Holly Bell: Iím a stone heavier after The Great British Bake Off!

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Holly Bell
We loved her baking creations on The Great British Bake Off so we couldn't resist quizzing mum-of-two Holly Bell on her time on the show, top baking tips and what Paul and Mary were really like off camera!

How has life changed for you since entering GBBO?
Well, I’m about a stone heavier from all the testing during the series! Life is both the same, in that my main job is still to look after my sons, but also different as I am writing a cookbook and talking to lots of people about lots of exciting things. It’s always been my dream to work with food so fingers crossed it’s going to become a reality!

When and why did you decide to enter?
I decided to enter in January of this year. I was at home on maternity leave, knee deep in nappies and night feeds. I was reading a food blog one night that had a link to the application form and thought ‘I fancy a go at that’. I guess you could say I wanted to do something for me.

Did you watch the first series?
I’m ashamed to say I only watched one or two episodes. At the time I was working in advertising and most of my evenings were spent working, unfortunately.

Who taught you to bake and how old were you?
My Mum and my Nanna got me started as a 3-year-old with good old-fashioned jam tarts, which I have to say, I’m still rather partial to.

When did you catch the baking bug? When did it become an obsession?
Throughout my twenties I read a lot of cookbooks (I now own more than 120!) and baked from time to time, but I think the baking obsession really took hold in the last few years, when I had children. My eldest son Charlie’s 1st birthday cake took me hours – I didn’t realise then that you had to knead fondant icing!

What are your favourite things to bake?
I love to make my grandmother’s Cornish ginger fairings as they’re so easy and incredibly moreish. They don’t last very long! Savoury-wise, I’d have to say sausage rolls with homemade puff pastry and homemade caramelised-onion sausage meat. They take a long time to make but for a special occasion like a birthday party or Christmas they’re worth it.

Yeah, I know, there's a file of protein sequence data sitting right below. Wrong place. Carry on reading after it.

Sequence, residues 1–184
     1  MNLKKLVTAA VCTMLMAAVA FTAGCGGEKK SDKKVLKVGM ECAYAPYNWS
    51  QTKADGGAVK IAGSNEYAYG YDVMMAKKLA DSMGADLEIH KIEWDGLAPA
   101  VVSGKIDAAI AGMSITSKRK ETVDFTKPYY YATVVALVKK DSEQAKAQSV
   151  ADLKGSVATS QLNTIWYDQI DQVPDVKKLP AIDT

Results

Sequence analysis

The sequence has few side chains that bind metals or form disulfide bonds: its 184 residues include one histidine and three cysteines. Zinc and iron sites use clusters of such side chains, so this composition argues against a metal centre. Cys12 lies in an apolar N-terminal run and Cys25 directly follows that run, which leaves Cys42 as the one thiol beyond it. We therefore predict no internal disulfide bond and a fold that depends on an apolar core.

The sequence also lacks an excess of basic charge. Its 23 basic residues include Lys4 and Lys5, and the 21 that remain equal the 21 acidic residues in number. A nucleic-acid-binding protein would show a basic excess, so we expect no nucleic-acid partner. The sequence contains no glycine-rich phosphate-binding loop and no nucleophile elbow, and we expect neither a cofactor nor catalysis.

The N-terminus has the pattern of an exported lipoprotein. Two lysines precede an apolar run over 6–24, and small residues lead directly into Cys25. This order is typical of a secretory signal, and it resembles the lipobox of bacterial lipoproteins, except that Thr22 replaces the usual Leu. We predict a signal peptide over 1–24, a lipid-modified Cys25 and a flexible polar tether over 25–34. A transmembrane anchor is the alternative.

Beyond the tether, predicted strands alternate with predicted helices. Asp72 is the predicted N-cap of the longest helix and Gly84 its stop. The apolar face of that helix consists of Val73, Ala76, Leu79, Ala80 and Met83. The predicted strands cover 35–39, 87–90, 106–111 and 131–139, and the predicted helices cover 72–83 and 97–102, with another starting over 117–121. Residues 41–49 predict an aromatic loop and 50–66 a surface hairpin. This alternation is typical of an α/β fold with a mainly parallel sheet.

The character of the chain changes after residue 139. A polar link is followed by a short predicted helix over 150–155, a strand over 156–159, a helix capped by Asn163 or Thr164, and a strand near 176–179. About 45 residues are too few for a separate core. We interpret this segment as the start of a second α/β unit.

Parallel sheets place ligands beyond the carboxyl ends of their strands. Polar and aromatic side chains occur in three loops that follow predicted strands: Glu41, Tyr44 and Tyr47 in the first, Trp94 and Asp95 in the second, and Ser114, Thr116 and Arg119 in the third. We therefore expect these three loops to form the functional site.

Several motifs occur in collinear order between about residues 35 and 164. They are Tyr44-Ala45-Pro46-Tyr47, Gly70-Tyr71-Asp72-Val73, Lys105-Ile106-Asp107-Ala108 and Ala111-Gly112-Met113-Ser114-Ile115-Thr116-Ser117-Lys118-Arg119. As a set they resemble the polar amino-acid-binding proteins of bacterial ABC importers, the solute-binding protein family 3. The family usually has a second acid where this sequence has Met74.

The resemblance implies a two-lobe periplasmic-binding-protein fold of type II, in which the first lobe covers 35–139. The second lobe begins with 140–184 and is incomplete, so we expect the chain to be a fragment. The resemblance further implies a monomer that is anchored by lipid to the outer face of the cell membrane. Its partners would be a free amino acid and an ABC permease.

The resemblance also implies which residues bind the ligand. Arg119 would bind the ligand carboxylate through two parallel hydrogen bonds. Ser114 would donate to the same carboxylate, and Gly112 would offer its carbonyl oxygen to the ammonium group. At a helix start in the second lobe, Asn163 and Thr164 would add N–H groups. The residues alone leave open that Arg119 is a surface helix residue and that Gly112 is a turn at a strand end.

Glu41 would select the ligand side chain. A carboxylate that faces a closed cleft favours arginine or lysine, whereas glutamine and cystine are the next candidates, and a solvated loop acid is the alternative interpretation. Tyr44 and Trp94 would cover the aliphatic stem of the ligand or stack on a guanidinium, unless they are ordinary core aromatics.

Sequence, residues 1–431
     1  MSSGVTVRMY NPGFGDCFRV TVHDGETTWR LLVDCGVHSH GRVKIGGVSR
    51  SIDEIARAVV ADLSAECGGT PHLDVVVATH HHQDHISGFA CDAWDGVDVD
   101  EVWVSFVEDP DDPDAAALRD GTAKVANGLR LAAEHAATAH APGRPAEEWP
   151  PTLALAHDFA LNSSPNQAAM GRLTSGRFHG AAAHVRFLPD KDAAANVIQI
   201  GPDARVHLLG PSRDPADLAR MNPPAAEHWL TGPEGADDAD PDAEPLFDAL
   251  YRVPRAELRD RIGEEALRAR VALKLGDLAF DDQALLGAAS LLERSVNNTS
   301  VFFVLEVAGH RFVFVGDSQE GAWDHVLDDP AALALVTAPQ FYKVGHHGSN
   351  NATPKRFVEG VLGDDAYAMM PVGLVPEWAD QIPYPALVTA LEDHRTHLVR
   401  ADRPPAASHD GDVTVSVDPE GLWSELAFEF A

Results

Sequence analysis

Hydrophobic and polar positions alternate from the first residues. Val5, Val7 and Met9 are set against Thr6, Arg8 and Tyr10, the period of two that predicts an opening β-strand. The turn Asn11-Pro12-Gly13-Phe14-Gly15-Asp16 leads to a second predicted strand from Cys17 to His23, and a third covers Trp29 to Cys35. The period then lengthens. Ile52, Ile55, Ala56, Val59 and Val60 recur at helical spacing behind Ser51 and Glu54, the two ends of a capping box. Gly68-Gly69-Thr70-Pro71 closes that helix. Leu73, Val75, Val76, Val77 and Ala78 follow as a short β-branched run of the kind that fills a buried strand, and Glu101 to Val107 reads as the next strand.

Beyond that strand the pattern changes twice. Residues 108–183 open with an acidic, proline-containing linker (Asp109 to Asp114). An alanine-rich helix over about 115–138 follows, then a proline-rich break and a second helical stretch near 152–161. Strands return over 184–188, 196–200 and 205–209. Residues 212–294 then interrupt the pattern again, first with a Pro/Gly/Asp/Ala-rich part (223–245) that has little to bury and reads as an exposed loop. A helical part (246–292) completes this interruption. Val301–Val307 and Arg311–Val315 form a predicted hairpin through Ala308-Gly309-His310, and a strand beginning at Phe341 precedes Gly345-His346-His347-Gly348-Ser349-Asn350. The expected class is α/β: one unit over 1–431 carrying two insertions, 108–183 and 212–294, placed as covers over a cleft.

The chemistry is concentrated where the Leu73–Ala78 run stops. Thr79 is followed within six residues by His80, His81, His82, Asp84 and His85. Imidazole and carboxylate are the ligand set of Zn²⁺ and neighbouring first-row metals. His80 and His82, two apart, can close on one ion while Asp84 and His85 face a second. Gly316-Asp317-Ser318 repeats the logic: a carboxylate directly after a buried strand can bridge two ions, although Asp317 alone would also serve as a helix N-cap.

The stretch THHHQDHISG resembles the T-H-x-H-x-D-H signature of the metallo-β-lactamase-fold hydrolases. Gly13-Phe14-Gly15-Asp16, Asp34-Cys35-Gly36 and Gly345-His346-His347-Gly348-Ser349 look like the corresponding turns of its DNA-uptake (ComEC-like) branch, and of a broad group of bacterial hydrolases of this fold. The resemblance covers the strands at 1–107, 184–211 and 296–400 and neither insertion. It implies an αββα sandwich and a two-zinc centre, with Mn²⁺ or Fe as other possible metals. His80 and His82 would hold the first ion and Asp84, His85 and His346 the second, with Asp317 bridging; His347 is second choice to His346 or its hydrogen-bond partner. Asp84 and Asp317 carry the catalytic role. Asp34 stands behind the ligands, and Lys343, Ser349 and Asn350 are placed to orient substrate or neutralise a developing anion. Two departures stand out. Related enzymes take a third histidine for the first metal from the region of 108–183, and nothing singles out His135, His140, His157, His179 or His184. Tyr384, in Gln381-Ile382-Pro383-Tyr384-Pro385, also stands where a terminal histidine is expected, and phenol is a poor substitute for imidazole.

Was filming what you were expecting?
The filming process was kind of what I was expecting, in that I knew our every move would be filmed. I wasn’t prepared for the fact that we were to wear our microphones for the whole day, even when in the loo. I soon worked out how to turn the sound off!

How much notice did you get before each bake and the technical challenges? What prep did you do for them?
We had to submit our recipes for the whole show (apart from the final) about a month before filming started which was a good thing I think. You could still change recipes if you wanted but at least it made you commit your ideas to paper which meant less last minute stress! I practised like a mad woman at home. I’m very much a 'practise makes perfect' person. I have never been able to wing it, more’s the pity.
For the technical challenges we literally saw the recipe for the first time when Mel or Sue shouted ‘Bake’. The only prep I did was to read Mary Berry’s Baking Bible from cover to cover and try to make a few of the things that looked hard but that I’d not come across before. Brandy snaps were one of those.

How did you manage to juggle filming, practising for the challenges and looking after your two boys?
My mum and husband are the unsung heroes of the Bake Off for me. Every weekend for 6 weeks my husband had to look after the boys single-handedly and in the week my mum would help me while I practised. They’re both incredibly supportive and generous.

Are you planning to teach the boys how to bake?
Charlie (almost 3) and Max (almost 1) are big fans of baking. Max is more about eating the end result at the moment, but Charlie has been helping me in the kitchen for over a year. He’s very good at mixing, stirring, cracking eggs and filling fairy cake cases. He does have a tendency to eat some of the ingredients before they make it into the bowl though!

Which challenges and bakes were your favourites?